Key Battle: Shinji Kagawa (Japan) vs Grzegorz Krychowiak (Poland)
Much of Japan’s attacking threat is generated by Kagawa’s ability to create chances from the middle of the park. Playing in the number ten role, but coming deeper to collect the ball, Kagawa has proved a nuisance for both Colombia and Senegal, making three key passes in two games.
Playing in a midfield double pivot, Krychowiak is tasked with a creative role – linking midfield to attack – but it’s crucial that it’s not to the neglect of his defensive duties, particularly in terms of protecting a Polish defence that has looked porous.
KEY STAT: Krychowiak has completed seven tackles in two World Cup games.
Japan are playing with confidence, upsetting the odds and balance of the group so far in their opening fixtures, and Kagawa has played his part, but negotiating space with ball-winning Krychowiak will prove difficult.
Driven by a Honda
There’s no arguing with Keisuke Honda’s contribution to the Japanese World Cup campaign thus far.
Assisting Yuya Osako’s winner against Colombia, whilst scoring the equaliser against Poland, Honda has a goal and an assist to his name, and became the first Japanese player to score in his third World Cup finals – 2010, 2014 and 2018.
He lifted the Blue Samurai’s spirits after his introduction and, despite only having 13 touches of the ball, his experienced told and he was in the right place at the right time to net the equaliser.
It’s a tough decision between himself and Kagawa, but Honda certainly has made his case.
No source of inspiration
With only three games, the World Cup group stage doesn’t afford teams much time to get into their stride. Poland have been far too sluggish in their opening fixtures, and have been duly punished.
Creativity and attacking threat has been desperately lacking and star man Lewandowski has been a passenger, offering little threat.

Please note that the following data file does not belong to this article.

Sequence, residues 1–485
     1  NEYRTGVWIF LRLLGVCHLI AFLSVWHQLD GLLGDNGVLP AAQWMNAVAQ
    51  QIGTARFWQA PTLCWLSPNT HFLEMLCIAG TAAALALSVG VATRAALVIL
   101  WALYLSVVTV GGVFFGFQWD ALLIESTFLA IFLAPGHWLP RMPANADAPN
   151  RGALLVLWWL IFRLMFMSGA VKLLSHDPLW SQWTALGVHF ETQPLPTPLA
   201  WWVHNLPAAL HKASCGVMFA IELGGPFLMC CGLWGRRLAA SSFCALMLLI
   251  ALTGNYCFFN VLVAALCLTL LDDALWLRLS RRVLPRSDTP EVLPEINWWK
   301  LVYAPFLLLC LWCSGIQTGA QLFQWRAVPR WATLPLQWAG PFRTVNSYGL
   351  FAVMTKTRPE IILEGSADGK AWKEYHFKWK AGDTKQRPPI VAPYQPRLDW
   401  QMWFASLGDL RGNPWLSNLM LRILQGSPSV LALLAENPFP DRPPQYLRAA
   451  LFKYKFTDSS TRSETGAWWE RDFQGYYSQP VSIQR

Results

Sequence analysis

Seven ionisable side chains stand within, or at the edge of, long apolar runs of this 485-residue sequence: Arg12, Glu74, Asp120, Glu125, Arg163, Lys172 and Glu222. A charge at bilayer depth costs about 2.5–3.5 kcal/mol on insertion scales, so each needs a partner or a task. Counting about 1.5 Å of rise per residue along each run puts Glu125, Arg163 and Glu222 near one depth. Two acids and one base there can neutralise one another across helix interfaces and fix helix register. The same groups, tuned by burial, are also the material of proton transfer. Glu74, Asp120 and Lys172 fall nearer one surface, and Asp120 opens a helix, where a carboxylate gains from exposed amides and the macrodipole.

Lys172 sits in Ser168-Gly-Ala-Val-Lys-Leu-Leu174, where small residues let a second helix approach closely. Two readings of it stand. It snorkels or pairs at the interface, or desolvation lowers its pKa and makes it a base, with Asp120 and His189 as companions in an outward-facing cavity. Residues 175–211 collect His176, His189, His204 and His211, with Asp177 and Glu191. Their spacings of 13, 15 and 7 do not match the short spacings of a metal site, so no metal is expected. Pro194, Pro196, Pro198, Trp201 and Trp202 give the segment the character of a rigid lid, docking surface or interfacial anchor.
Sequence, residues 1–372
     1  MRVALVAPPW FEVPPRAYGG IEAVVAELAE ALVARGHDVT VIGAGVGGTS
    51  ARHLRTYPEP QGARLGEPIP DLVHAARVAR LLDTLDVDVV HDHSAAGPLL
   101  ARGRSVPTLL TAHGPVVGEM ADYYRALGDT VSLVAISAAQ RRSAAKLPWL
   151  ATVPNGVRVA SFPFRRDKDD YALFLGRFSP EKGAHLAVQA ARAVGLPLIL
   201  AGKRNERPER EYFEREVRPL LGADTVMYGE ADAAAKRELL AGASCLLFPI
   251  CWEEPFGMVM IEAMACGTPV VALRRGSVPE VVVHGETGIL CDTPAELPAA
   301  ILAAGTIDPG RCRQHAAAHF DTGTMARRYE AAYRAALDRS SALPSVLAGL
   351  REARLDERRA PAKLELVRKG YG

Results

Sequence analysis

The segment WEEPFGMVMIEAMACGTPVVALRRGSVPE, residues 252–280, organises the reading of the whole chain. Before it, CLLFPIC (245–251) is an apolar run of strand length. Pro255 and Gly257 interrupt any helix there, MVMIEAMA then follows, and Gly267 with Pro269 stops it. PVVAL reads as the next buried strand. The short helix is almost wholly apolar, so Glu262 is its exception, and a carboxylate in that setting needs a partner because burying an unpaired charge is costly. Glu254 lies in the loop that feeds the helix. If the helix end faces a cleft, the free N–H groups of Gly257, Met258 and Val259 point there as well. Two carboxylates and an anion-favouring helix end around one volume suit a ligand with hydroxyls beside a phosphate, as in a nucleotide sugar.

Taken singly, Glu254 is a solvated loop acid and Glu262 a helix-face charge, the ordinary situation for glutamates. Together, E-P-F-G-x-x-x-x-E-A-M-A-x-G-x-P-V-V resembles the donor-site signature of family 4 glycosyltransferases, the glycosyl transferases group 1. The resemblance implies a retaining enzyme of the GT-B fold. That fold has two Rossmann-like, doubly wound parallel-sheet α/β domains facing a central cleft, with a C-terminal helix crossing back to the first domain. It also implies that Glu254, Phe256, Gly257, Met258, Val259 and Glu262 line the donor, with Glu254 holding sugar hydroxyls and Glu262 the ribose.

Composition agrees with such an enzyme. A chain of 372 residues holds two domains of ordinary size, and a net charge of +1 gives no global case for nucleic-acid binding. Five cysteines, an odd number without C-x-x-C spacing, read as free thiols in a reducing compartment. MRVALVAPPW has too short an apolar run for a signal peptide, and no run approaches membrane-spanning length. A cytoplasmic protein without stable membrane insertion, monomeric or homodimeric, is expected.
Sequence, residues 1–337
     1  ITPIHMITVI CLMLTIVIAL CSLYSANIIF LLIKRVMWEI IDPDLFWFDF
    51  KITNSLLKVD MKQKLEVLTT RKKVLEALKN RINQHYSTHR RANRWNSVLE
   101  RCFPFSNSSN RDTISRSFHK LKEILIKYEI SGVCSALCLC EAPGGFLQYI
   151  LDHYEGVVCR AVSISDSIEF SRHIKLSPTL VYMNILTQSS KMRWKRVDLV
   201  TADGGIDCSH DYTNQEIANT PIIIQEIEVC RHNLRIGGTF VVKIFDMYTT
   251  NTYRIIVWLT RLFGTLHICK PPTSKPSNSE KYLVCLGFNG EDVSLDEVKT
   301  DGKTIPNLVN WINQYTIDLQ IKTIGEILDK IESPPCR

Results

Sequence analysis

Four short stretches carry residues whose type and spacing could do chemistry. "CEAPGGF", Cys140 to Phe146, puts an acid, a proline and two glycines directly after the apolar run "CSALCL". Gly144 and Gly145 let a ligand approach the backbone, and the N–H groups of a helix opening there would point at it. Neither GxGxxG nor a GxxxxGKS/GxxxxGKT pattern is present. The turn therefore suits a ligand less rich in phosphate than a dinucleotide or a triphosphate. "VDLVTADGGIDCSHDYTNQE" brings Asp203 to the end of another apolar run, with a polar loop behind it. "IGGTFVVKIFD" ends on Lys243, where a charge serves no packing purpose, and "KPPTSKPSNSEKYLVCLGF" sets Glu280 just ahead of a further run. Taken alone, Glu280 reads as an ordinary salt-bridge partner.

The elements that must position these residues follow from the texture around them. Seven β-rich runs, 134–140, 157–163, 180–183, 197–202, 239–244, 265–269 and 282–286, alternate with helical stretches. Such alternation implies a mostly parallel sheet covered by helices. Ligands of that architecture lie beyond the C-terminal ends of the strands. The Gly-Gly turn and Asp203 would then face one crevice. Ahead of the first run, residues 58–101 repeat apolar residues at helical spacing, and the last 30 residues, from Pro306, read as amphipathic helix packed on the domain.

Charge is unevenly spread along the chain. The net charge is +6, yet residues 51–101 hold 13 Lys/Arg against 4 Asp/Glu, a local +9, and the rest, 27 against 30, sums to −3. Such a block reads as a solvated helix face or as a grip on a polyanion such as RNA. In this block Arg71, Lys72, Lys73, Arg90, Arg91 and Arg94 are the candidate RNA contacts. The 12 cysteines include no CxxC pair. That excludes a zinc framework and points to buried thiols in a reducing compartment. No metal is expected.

This is their first World Cup appearance in 12 years, and they are in danger of disappearing with a whimper.
When the chance of a place in the knockout round couldn’t even motivate this group, there’s no reason to argue that pride will have a greater motivational effect.
Prediction: Japan 1-1 Poland
Poland have national pride to play for, which could make them dangerous opponents, with the likes of Lewandowski keen to return home with more than a red face, but there’s a serious shortage of desire and effort amongst the Poles and they’ll struggle to get anything more than a point off a Japanese side that have looked well organised and strong.
The advantage that the Japanese have is that with Senegal and Colombia playing one another, only a defeat to Poland would put them in any real danger of missing out, even then a victory for either side in the other fixture would see them progress, provided it’s by as many or fewer goals than a Colombian victory margin.
A draw is enough and the Blue Samurai will play for such a result. 1-1.
Listen to the RealSport football writers discuss all the action from Day 13 of the World Cup in Kremlins in the Basement: RealSport’s daily World Cup podcast.